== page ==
Skiing: Austria is back in favour

Last year's horrific avalanches at Galtur do not seem to have stopped British skiers making the trip to Austria. Just the opposite, in fact

Austria is dear to the hearts of many of the senior figures in the major British ski operators. At the start of their careers, a dozen or more years ago, it was the major destination for British skiers; and several of them - including Andy Perrin, the overall boss of both the Crystal and Thomson brands - began work as ski reps in Austrian resorts. So when touring the stands at this week's Daily Mail Ski Show, to enquire from them how Austria is performing, I could sense a personal, as well as commercial, satisfaction with the sales for 1999/2000.

In a difficult and unpredictable season, operators are reluctant to make projections for ultimate market shares; nevertheless, everyone to whom I spoke agreed that Austria would improve on the figure which it achieved in 1998/9 - 22 per cent of the British tour-operators' market. With the overall market currently in sharp decline, Austria won't threaten France (it took 29 per cent last year) as the number one destination, but it is generally expected to build on its recent growth by picking up business from Italy and Bulgaria.

There was general agreement, too, about the reasons for Austria's success: the high standard of its accommodation and the relatively low level of its currency. With the schilling at about 20 to the pound, hotels are, by British standards, extraordinarily good value, probably the best in the Alps. Surprisingly, skiers must thank summer-season guests for this. Unlike France, with its predominance of purpose-built resorts, Austria's skiing is largely set around old (if recently expanded) mountain villages - which has always been a big attraction for skiers and summer visitors alike. Continuity has allowed the tradition of family-run hotels to survive; and the year-round business has permitted them to invest in their premises and staff.

But Austria no longer relies simply upon tradition to attract winter customers. The tough years of the early Eighties, when British skiers began emigrating to France and the Germans (who make up the bulk of Austria's foreign visitors) ceased to be such reliable customers, persuaded Austrian resorts of the need to also invest in their ski areas: since last season, for example, more than pounds 100m has gone into the country's winter-sports facilities, with new chairlifts at several Tirol resorts including Alpbach, Kitzbuhel, Scheffau and St Anton. And, aware of the danger that a traditional customer is an ageing customer, some resorts have worked on attracting snowboarders - with such success that when I asked the editor of a German snowboarding magazine about his favourite resorts, Mayrhofen was the first place that came to mind.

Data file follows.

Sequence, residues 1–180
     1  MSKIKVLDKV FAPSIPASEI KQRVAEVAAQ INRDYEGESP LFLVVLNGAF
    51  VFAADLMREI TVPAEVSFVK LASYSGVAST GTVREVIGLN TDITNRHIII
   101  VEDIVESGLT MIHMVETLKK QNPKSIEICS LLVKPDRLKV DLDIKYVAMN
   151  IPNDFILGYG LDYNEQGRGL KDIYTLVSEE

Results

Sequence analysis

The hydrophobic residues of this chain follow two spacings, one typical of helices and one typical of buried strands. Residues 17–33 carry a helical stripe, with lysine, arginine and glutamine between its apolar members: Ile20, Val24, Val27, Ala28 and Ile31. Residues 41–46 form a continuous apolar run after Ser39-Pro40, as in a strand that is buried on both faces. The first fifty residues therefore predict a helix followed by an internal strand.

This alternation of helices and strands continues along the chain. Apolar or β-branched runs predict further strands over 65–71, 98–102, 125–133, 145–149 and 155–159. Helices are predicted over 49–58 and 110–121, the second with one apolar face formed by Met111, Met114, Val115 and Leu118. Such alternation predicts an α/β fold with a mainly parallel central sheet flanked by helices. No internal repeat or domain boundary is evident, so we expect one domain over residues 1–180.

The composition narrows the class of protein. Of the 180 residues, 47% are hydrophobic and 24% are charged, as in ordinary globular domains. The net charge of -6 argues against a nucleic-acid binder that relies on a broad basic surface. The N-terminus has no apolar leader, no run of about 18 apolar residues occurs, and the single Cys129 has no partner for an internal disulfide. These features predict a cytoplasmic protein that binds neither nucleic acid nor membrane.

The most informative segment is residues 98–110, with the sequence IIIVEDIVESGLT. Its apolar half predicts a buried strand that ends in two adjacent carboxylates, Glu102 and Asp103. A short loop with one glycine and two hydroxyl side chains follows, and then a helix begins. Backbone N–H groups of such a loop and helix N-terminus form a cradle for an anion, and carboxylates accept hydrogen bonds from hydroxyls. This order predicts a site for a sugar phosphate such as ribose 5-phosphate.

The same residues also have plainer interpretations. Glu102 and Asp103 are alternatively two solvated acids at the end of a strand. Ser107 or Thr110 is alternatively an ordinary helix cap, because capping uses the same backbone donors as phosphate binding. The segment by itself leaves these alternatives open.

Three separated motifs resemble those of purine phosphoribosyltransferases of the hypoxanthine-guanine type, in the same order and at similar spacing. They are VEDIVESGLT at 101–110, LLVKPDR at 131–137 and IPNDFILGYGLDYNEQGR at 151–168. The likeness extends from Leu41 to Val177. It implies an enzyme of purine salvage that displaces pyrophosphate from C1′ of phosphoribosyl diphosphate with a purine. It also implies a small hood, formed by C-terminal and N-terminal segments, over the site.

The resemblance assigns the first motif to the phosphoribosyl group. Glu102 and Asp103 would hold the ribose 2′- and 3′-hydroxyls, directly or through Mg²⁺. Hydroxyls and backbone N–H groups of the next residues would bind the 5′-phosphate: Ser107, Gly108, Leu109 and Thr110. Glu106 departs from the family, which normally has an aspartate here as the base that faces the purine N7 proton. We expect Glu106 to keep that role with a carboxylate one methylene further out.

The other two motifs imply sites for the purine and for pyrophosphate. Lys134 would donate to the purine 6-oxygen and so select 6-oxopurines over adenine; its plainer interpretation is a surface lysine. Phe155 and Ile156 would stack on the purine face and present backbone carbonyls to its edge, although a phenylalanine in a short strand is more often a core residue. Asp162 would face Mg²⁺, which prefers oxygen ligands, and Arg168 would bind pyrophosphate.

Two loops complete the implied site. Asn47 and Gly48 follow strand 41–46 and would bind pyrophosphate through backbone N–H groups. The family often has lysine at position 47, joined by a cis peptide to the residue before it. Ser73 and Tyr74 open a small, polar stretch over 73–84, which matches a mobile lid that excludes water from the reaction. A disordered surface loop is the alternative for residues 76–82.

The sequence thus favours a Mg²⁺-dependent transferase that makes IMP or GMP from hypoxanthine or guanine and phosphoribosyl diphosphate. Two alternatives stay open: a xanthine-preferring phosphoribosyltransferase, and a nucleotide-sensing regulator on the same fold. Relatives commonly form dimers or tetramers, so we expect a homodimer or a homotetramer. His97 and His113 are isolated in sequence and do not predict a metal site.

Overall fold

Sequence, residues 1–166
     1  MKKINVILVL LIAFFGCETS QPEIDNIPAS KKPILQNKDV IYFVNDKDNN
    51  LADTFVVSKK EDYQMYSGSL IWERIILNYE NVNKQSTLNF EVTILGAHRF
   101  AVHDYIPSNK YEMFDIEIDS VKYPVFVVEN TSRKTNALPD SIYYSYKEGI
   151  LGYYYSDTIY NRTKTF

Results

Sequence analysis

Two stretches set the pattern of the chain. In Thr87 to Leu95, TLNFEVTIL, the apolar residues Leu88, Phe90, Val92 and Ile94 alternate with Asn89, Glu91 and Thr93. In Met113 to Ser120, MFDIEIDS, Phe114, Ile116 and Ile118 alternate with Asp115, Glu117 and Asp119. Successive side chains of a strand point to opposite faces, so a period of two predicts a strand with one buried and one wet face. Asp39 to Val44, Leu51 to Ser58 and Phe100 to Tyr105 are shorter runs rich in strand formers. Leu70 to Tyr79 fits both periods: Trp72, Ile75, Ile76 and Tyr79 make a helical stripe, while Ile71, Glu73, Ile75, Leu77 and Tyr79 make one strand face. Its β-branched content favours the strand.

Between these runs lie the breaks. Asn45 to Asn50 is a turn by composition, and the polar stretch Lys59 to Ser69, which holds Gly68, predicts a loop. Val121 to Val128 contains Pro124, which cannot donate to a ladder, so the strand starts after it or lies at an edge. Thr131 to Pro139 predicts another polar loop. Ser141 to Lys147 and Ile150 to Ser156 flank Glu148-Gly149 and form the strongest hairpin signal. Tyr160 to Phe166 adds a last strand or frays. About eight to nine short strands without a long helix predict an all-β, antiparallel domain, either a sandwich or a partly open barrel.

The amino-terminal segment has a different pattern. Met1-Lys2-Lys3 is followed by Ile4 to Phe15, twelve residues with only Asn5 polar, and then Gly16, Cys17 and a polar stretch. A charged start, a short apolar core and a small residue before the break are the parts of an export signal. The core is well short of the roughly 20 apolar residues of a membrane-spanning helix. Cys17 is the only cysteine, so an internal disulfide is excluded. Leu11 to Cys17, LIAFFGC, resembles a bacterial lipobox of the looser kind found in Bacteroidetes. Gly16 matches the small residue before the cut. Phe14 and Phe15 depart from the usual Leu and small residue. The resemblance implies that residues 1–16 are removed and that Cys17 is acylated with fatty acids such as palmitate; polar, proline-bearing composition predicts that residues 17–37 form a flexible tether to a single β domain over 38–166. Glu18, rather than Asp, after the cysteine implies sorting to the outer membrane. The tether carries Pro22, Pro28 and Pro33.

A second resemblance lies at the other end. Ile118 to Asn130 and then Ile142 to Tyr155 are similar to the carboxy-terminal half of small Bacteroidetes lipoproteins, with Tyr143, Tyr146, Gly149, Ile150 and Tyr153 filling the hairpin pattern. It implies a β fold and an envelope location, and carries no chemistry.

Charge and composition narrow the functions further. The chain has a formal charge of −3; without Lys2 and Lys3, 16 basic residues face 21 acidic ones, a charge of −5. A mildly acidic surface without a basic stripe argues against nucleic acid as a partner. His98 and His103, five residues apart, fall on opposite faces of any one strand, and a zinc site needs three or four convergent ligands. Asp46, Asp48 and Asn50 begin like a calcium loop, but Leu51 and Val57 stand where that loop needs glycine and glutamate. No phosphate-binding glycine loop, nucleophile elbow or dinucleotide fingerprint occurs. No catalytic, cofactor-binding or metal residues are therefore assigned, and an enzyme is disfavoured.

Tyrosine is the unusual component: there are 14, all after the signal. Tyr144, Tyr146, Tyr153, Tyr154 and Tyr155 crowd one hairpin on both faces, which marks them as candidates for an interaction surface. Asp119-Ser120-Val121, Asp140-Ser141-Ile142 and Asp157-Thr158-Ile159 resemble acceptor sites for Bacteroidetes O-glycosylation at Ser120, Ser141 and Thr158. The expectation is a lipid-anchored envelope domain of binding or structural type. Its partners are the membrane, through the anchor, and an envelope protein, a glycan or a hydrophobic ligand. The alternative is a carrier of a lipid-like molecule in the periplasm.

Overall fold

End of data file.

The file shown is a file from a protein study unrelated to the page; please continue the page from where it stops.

But Austria still has a problem out on the slopes. As the boss of one the major tour operators put it at the ski show: "The British are `mileage' skiers: they want to cover as much ground as possible, and in that respect France has the edge over Austria." Although the linking of the resorts around Schladming (last season) and the expansion of Soll's "Ski-Welt" area (this season) have helped, Austrian slopes are not big enough - nor steep and snowy enough - to compete with the likes of Val d'Isere and Les Trois Vallees.

Snow cannons have helped minimise problems at the low-level resorts; but skiers in search of reliable (or real) snow are best-advised to head for the high spots such as Ischgl and Obergurgl, resorts with glacier skiing (notably Hinter Tux and Kaprun) or the Arlberg region that, for topographical reasons, gets more than its fair share of snow. Despite the great job the Hahnenkamm world cup race at Kitzbuhel does on Ski Sunday to prove the opposite, Austria's skiing is always going to be a bit tame for advanced skiers, except in the Arlberg area above St Anton, Lech and Zurs. However, intermediates will be more than happy at Ischgl, Kitzbuhel or most other Austrian resorts, and there are good beginners' slopes at Saalbach-Hinterglemm, at Schladming and at Soll.

On the other hand, Austria has clearly become the destination of choice for advanced apres-skiers. Before Soll decided that it was a family resort, its name was spoken with awe by lager-louts: now there are a handful of resorts where, I am told, one can happily pass the night being deafened and over-charged, notably Zell am See, St Anton and Mayrhofen. Such reputations should not, however, disturb those for whom Austrian Gemutlichkeit is more of an attraction than the gluhwein (or Red Bull and vodka, the apres-skier's favoured drink); unlike in some French resorts, the night- life rarely seems to impinge upon those whose preferred activity during the hours of darkness is sleep.

Despite the attractions of bed-and-board, those fine old Alpine villages and the well-organised (by European standards) facilities, something of a shadow was cast over Austria's skiing by the avalanche which hit Galtur last winter. There was a fear that it might dissuade British skiers from going to the country this season. Clearly, it has not done so - indeed, one ski-company executive told me that it has had the opposite effect, because "skiers remember it as a place that got a lot of snow last year". We're a sanguine bunch, aren't we?

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